While serving in the Marine Corps and stationed at a base near President Nixon’s western White House, I had a few conversations with off-duty secret service agents. I was always impressed with their devotion to duty and their culture of professionalism. In fact, I was so impressed that I considered applying to the Secret Service when I completed my tour of duty in the Marine Corps. But as it will do, live intervened and set me on a different course. Fast forward 39 years and things seem to have gone downhill concerning the professionalism of the Secret Service since my brief interaction with the organization.
As one who has great respect for the Secret Service, I am hoping that the recent behavior of agents in Columbia turns out to be an anomaly. However, I fear that may not be the case. The frat boy behavior displayed by agents in Columbia might turn out to be just the tip of the iceberg. When the dust finally settles around this episode, what we are more likely to find is that the culture of the Secret Service has gone downhill in parallel with the broader culture of American society. In fact, when I put what appears to have happened to the culture of the Secret Service in the context of what has happened to American culture in general, the episode in Columbia begins to make sense.
Think about it. While it is true that the Secret Service draws its agents from the most elite members of its applicant pool, agents are still products of the society they grew up in. If we consider the values that prevail in contemporary American society, the behavior of the Secret Service agents in Columbia begins to make sense, not that it should be excused. Understanding the behavior of the agents and excusing it are two vastly different things. But if the leaders of the Secret Service are going to prevent this type of behavior in the future, they are going to have to risk instituting training that will run counter to liberal orthodoxy, not something easily done in an environment of leftwing intolerance. Secret Service officials are going to have to teach their new recruits some things their parents, teachers, coaches, and society in general obviously failed to teach them.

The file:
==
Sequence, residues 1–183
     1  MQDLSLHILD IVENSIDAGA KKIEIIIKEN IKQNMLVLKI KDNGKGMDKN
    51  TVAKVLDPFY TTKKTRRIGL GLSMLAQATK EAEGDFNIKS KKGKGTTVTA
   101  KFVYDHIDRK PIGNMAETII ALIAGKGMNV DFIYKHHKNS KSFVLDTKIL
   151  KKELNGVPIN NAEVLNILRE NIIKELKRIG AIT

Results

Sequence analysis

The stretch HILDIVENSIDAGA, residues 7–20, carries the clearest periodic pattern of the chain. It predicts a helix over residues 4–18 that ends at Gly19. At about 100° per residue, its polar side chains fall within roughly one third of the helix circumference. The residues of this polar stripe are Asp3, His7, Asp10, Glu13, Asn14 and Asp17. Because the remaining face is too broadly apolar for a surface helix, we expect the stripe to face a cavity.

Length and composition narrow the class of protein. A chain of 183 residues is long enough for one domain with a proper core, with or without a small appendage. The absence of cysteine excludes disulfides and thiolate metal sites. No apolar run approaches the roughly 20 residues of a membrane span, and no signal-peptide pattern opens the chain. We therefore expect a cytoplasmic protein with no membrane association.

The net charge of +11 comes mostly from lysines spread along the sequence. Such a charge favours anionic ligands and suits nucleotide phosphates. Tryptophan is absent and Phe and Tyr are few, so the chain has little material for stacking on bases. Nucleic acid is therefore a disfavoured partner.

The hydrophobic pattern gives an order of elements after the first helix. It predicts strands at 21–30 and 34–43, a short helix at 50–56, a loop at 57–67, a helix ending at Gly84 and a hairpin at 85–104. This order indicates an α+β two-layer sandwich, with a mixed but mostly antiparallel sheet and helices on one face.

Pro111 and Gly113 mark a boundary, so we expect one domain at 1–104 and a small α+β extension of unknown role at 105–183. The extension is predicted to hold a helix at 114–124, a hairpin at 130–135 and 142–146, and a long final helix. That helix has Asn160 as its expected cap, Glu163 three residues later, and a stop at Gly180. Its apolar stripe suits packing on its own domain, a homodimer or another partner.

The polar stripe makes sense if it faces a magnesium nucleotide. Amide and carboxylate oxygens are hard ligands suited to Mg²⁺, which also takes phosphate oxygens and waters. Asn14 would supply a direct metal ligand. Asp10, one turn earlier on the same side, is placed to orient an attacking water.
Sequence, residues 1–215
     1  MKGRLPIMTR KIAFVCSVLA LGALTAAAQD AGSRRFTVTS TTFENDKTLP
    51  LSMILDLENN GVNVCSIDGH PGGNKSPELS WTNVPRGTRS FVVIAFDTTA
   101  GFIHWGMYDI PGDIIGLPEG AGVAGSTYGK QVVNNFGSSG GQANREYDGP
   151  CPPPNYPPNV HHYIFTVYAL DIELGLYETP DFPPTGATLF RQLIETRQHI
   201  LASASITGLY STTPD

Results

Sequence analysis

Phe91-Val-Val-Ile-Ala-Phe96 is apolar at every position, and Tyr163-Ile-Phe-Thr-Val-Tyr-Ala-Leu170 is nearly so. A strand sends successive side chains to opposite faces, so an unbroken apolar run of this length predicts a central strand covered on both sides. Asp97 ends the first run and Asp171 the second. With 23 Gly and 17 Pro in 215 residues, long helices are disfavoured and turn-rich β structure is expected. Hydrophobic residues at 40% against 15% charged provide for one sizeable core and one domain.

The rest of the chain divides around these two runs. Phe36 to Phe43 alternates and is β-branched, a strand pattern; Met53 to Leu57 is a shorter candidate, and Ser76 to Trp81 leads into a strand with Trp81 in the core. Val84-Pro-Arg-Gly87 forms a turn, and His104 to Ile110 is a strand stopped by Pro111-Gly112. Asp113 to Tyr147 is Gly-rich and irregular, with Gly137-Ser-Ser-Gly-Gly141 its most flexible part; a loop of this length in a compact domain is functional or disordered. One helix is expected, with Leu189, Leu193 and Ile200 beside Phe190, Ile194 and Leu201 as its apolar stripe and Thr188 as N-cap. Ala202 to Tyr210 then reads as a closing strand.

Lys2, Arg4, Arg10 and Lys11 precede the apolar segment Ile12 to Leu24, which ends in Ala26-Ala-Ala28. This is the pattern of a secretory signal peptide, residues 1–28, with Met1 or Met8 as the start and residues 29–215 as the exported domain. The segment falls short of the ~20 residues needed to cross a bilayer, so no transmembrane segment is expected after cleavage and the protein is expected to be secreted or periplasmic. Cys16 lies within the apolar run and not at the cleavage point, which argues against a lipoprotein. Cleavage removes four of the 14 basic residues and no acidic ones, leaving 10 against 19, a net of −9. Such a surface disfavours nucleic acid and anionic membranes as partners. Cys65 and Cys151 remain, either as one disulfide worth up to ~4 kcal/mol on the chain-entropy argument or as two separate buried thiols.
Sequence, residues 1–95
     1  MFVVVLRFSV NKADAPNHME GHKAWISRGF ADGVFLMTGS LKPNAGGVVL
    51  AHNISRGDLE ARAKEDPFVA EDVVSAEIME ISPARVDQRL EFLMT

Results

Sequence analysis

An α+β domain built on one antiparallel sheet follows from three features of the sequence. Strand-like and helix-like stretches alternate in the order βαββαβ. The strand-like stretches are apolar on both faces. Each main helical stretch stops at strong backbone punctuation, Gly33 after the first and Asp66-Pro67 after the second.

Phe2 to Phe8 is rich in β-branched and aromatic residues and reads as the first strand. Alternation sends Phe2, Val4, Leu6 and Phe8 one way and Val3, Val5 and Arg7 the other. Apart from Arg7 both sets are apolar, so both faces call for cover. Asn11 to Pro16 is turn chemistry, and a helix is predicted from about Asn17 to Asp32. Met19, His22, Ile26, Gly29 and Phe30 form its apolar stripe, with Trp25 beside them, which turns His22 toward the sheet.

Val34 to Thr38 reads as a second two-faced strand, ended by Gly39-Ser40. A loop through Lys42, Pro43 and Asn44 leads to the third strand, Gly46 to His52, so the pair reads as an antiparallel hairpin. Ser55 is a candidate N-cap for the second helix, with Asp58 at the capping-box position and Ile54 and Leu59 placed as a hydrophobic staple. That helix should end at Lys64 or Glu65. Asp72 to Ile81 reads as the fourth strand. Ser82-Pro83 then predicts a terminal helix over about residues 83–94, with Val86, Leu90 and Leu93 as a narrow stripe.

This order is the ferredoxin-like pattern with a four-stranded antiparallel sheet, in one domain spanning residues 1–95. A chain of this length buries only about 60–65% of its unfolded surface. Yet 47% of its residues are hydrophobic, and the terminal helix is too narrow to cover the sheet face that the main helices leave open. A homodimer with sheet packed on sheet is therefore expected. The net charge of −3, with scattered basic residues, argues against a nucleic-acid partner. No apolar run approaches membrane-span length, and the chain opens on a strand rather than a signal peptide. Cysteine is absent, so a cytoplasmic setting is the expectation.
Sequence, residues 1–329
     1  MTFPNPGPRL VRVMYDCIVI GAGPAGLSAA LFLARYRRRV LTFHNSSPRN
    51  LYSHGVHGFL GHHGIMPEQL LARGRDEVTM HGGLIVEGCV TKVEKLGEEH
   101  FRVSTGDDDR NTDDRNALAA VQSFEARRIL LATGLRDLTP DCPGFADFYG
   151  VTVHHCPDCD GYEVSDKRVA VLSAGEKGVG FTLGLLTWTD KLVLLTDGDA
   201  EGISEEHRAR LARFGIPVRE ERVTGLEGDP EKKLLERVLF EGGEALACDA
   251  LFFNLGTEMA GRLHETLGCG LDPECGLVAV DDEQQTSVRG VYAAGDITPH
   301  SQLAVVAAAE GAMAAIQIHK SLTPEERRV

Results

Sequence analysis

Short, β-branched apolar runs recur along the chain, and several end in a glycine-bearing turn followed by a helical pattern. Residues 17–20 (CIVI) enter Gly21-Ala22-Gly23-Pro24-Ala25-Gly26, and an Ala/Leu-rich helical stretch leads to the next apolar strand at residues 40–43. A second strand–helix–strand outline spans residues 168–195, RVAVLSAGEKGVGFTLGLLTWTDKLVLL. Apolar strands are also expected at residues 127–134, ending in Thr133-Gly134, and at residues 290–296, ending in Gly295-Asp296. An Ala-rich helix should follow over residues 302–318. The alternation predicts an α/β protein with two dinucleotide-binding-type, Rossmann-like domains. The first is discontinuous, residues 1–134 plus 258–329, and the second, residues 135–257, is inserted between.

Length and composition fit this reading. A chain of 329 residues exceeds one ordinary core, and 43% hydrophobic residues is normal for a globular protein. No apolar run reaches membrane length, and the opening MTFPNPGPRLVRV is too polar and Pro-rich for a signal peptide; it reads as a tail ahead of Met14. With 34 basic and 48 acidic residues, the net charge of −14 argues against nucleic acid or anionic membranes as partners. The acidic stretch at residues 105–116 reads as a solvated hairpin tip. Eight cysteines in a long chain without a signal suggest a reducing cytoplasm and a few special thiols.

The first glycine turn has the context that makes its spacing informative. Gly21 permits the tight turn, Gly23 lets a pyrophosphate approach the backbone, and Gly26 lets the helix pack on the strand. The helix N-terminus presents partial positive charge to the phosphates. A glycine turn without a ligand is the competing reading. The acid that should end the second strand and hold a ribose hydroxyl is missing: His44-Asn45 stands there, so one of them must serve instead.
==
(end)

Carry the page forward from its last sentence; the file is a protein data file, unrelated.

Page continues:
Observe how liberals are responding to the Columbian incident. They are focusing their criticism exclusively on how the behavior of the agents in question might have put the President at risk. This, of course, is the first issue to be considered. However, there are other reasons why soliciting prostitutes is wrong, reasons the left does not want to be part of the discussion. These reasons fall under the broad heading of morality, a subject that makes liberals nervous. Why? Because moral relativity is a sacrosanct belief of liberals. Hence, it is difficult for liberals who support such practices as living together out of wedlock, adultery, abortion on demand, gay marriage, and child pornography to complain about the immorality of a few Secret Service agents soliciting prostitutes.
Because the topic of morality cannot be approached openly and truthfully by liberals, they have no grounds for criticizing the Secret Service agents who behaved badly except to focus on how the President might have been compromised. What is especially interesting about the dilemma liberals face in dealing with the Secret Service debacle is that if the contemptible behavior of the agents is not morally wrong, how could it possibly compromise the President or anyone?
Another problem the left faces in directly confronting the deeper moral issues surrounding the Secret Service debacle in Columbia is the example set by so many prominent liberal figures. My first thought when I heard about the incident in Columbia was to wonder if the agents in question had completed their Secret Service apprenticeship while protecting President Clinton. If so, they are probably thinking, what did we do wrong? I also wondered if any of the agents in question had been assigned to presidential candidate, John Edwards. Enough said along those lines. I am sure you get the picture.
To rebuild its tarnished image, the Secret Service is going to have to add some topics to its training regimen that will not go over well with liberal elites. This poses a real dilemma for Barack Obama, Nancy Pelosi, Harry Reid, and other liberal decision makers, a dilemma I will enjoy watching them wrestle with. (The author thanks retired Navy diver, Jeff Sober, for the title of this column).